Wearing a top hat and dress coat and carrying a cane, the funeral conductor led the hearse, a 1932 Rolls-Royce, slowly around the streets of Bermondsey as thousands lined the route to pay their respects.
It was a role that Barry Albin-Dyer had fulfilled many times – for soldiers killed in Afghanistan and Iraq, for the reality TV star Jade Goody, and for countless ordinary people in the south London community he loved.
But this time, it was the much-loved funeral director making his own final journey after succumbing to cancer at the age of 64.
His services were noted for their style, but he was not only about showmanship – numerous mourners spoke of his uncanny ability to help grief-stricken relatives cope with the loss of a loved one.
In his homily at the Most Holy Trinity Church, Canon Alan McLean spoke of how Mr Albin-Dyer had been “almost sanctified” by those who knew him as his “generous heart blessed so many”.
“This man I loved and called brother”, he said, had “given us funeral ceremonies to remember”. And his own funeral – his sons Simon, 38, and Jon, 35, were handed letters containing his wishes shortly after his death – did not fall short of that mark.
The funeral cortège left the offices of F A Albin & Sons just before 10am and slowly processed around a route that took in some of the landmarks of his life: his home, the former ground of Fisher FC, the club that Mr Albin-Dyer supported with money and time, and then to “The Blue”, Bermondsey’s central square.
As the hearse passed, the crowd burst into applause. His son Jon was moved to tears by the public display of affection.
Among those lining the streets was Pat Bygrave, 67, who left Bermondsey about 30 years ago and now lives near Dartford in Kent. She travelled to London to pay her respects to the man whose firm buried at least seven members of her family.
Ms Bygrave said this “lovely, lovely man” and his family – his sons both work at the company – had a special way with grieving people.
“I wouldn’t say you came out of there laughing, but you came out of there feeling better than when you went in because everything was done for you; everything was done perfectly,” she said.
Russell Dryden, 50, a fishmonger with a stall in The Blue, said local people wanted to repay some of the help that Mr Albin-Dyer, a long-time friend, had given to so many.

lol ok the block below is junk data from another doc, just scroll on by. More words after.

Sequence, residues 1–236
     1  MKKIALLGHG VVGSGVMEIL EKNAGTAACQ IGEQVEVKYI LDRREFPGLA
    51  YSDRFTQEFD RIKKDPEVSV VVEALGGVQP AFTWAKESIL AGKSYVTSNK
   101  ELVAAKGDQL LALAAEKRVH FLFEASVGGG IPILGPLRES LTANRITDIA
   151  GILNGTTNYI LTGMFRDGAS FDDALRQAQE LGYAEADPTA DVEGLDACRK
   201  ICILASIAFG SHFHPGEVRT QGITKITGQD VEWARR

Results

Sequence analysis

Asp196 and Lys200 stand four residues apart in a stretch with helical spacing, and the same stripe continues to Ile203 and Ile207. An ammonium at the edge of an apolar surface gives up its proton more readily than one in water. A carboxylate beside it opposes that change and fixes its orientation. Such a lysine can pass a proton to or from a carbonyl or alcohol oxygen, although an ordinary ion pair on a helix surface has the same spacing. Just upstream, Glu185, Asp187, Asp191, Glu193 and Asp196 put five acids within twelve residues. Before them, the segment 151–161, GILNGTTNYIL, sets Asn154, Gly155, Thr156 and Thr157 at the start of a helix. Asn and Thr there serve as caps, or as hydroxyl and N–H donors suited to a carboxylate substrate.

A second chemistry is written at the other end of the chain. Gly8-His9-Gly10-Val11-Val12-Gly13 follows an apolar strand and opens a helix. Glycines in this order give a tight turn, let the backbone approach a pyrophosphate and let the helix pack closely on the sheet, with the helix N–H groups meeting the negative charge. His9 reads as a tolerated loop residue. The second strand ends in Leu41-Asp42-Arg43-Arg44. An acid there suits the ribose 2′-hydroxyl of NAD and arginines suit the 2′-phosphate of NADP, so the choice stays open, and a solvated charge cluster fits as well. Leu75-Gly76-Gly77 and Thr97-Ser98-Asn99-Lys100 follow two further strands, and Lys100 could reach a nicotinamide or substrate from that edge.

“The important thing is the family, and the family is grieving. They are going to see all these people and the flowers and it’s going to make them feel a little bit better,” he said.
“We all suffer heartache and grief, but when Albins did your funeral, he had a way of doing it … You can never explain how he made you feel because it’s not an easy job.”
In addition to his work at Fisher FC, Mr Albin-Dyer helped rescue the local newspaper, the Southwark News; set up his own foundation to help local good causes; was a patron of Child Bereavement UK; raised funds for the Evelina London Children’s Hospital; and ran bereavement training days for hospitals and care homes, for medical students and others.
He wrote three volumes of memoirs including Don’t Drop the Coffin (the basis for a TV series) and Bury My Heart in Bermondsey.
For his role in bringing home the bodies of 639 soldiers killed in Iraq and Afghanistan he was made an OBE in 2010, and the company was also given a Chief of the Defence Staff commendation for its work.
In his address, Jon Albin-Dyer told the mourners that his father “was such a loving man with a massive heart and, as his sons, we got to feel that the most.
“I don’t think he could have imagined this amount of people would be here and all over Bermondsey, showing their respects,” he said. “You have all done him proud today.”
And he said the words echoed by numerous others: “He would have loved it.”
Barry Albin-Dyer is survived by his partner Jackie and sons Simon and Jon.
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